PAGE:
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Jesus, Crucifixion, Bible, Talmud, Intertextuality
Over the centuries, there has been almost a consensus among Muslims and non-Muslims that the crucifixion of Jesus is denied in the Qur’an, mainly because of al-Nisāʾ 4:157. This overwhelmingly accepted interpretation has been challenged in recent times, albeit by a small minority of scholars, by suggesting novel interpretations of 4:157 and seeking support from history and other verses. This study first reviews how, from the early days of Islam, denying the crucifixion of Jesus was always seen by both Muslims and non-Muslims as the established Islamic view. It analyses the theological arguments of the minority view, promoted by some early Ismāʿīlī scholars and modern scholars, that the Qur’an does not deny Jesus’ crucifixion. A new attempt, which has been gathering some support, linking 4:157 to the Talmud is then critiqued. This study shows that the immediate context of 4:157 and the broader Qur’anic narrative also refute the new interpretation. A detailed linguistic analysis of the verse in question further shows that it cannot be reasonably read to mean anything other than rejecting that Jesus was crucified. In summary, history and a detailed study of 4:157 and related verses show that there is hardly any basis to justify challenging the centuries-long semi-consensus that the Qur’an denies the crucifixion of Jesus.
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72 AMERICAN JOURNAL OF ISL AM AND SOCIE T Y 40:1-2
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FATOOHI: THE NON-CRUCIFIXION VERSE 73
33 Todd Lawson, The crucifixion and the Qur’an: A study in the history of Muslim thought
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74 AMERICAN JOURNAL OF ISL AM AND SOCIE T Y 40:1-2
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54 Cole, “‘It was made to appear to them so’”, 12.
55 Leirvik, “Jesus in modern Muslim thought”, 141; Oddbjørn Leirvik, Images of Jesus
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57 Mevorach, “Qur’an, crucifixion, and Talmud”, 12.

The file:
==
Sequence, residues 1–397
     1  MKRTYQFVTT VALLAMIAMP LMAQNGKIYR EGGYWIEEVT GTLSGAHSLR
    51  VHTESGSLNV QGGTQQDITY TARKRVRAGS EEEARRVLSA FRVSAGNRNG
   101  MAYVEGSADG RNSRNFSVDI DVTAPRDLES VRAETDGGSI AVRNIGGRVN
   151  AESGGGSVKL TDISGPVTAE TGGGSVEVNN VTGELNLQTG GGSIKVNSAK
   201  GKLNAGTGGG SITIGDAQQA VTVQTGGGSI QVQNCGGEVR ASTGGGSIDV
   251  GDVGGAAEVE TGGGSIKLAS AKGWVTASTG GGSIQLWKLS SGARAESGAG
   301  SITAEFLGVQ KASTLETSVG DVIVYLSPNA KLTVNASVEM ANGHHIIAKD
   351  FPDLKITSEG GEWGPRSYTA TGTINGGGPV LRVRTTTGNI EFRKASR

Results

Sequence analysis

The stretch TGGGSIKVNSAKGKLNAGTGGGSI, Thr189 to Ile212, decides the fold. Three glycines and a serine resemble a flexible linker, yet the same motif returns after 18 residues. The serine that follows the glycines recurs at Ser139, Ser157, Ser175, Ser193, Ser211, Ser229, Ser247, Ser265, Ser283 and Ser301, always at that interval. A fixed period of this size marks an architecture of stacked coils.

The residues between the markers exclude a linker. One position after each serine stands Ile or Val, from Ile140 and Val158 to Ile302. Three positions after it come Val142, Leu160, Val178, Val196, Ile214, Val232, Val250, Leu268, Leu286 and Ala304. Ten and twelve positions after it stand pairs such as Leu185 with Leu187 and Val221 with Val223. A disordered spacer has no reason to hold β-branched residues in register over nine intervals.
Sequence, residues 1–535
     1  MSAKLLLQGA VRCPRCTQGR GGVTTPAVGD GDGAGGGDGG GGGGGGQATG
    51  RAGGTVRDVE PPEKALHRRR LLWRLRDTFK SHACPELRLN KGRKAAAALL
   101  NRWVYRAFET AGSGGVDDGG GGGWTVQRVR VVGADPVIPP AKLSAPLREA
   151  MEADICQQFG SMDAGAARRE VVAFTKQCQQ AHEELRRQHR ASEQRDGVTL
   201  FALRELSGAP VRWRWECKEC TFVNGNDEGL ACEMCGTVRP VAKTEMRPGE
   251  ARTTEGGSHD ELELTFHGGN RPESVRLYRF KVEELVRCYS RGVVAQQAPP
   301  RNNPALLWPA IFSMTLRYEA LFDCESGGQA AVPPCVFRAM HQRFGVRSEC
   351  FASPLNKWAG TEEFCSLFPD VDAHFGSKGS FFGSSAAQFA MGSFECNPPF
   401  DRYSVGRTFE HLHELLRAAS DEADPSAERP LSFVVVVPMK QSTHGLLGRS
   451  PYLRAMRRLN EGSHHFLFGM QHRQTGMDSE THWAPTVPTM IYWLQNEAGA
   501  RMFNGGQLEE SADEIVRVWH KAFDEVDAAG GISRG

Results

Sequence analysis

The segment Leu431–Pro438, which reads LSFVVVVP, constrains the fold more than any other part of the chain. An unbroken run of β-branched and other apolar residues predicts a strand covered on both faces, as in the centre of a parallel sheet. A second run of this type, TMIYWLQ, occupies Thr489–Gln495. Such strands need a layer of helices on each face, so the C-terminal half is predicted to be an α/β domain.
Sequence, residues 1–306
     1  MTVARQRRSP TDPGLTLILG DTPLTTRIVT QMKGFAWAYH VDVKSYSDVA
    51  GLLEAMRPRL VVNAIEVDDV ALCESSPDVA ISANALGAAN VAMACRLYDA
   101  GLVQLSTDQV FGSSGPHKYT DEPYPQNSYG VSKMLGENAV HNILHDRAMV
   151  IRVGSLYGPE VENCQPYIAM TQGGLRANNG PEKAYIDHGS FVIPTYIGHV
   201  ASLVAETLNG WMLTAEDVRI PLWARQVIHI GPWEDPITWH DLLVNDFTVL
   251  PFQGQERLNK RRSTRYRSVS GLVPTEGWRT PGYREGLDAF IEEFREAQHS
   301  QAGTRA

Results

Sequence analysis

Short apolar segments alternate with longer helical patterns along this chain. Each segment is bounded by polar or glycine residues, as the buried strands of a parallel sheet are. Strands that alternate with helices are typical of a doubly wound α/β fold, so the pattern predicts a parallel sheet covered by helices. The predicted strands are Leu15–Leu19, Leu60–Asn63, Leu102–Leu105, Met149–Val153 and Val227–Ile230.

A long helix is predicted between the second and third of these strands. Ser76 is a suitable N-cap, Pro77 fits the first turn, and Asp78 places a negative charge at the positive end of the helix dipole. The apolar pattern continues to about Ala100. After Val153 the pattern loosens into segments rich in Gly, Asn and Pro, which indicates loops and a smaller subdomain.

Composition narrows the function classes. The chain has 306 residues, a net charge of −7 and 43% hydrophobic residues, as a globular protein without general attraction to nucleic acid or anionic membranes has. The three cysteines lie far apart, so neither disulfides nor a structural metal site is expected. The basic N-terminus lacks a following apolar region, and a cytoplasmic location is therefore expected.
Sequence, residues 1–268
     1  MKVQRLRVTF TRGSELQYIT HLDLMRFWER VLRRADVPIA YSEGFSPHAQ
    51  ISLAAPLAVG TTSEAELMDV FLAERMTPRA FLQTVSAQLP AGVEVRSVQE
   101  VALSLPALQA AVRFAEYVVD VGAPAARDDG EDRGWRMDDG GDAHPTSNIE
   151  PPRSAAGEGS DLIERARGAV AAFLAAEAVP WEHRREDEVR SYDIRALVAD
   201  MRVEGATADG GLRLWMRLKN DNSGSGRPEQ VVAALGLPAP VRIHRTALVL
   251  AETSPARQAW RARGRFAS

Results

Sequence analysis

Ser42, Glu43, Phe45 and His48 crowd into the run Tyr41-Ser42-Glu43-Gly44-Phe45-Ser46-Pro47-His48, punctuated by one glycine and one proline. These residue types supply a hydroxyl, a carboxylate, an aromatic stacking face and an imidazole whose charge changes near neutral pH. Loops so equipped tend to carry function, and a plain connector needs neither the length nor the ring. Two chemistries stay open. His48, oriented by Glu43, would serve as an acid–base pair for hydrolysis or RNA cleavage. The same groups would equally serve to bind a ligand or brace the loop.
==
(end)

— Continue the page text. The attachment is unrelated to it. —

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FATOOHI: THE NON-CRUCIFIXION VERSE 75
66 Origen, Against Celsus. trans. Frederick Crombie, The Ante-Nicene Fathers IV (New
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70 Aaron W. Hughes, “Arabian Judaism at the advent of Islam: A forgotten chapter in
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71 For an excellent critique of the popular tendency to uncritically trace Qur’anic texts
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72 Parrinder, Jesus in the Qur’an, 120; Michael G. Fonner, “Jesus’ death by crucifixion
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76 Al-Ṭabarī (Jāmiʿ al-bayān, 135.) agrees with al-Suddī that the dialogue in 5:116, in
which God quizzes Jesus about whether he asked people to take him and his mother as
two deities, happened after God raised him to heaven, not on the Day of Resurrection.
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77 Isaac Kalimi, “The story about the murder of the prophet Zechariah in the Gospels
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78 Gabriel Said Reynolds, “On the Qur’ān and the theme of the Jews as ‘killers of the
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79 Al-Ṭabarī, Jāmiʿ al-bayān, vol. 7, 650-660.
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76 AMERICAN JOURNAL OF ISL AM AND SOCIE T Y 40:1-2
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82 Ignatius, Ignatius to the Smyrnaeans. trans. Kirsopp Lake, The Apostolic Fathers
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83 For other quotes from Ignatius, see Michael Goulder, “Ignatius’ “Docetists””, Vigiliae
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84 Irenaeus, Against Heresies, ed. A. Cleveland Coxe, The Apostolic Fathers with Justin
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85 Roger A. Bullard and Joseph A. Gibbons, “The Second Treatise of the Great
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86 Parrinder, Jesus in the Qur’an, 119; Ayoub, A Muslim view of Christianity, 160;
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87 Gunnar Samuelsson, Crucifixion in antiquity: an inquiry into the background and significance
of the New Testament terminology of crucifixion (Tübingen: Mohr Siebeck,
88 John Granger Cook, Crucifixion in the Mediterranean world (Tübingen: Mohr Siebeck,
2019), 452. See also Craig Evans, “Hanging and crucifixion in second temple Israel”,
in ed. Jörg Frey, Carsten Claussen, and Nadine Kessler, Qumran und die Archäologie:
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89 David W. Chapman, Ancient Jewish and Christian Perceptions of Crucifixion
(Tübingen: Mohr Siebeck, 2008), 32.
90 For a detailed discussion of what the Qur’an says about Jesus after the crucifixion,
see Fatoohi, “The End of Jesus’ Life in the Qur’ān.”
91 Angelika Neuwirth, “Qur’an and history — a disputed relationship: Some reflections
on Qur’anic history and history in the Qur’an”, Journal of Qur’anic Studies 5 (2003),
no. 1: 4.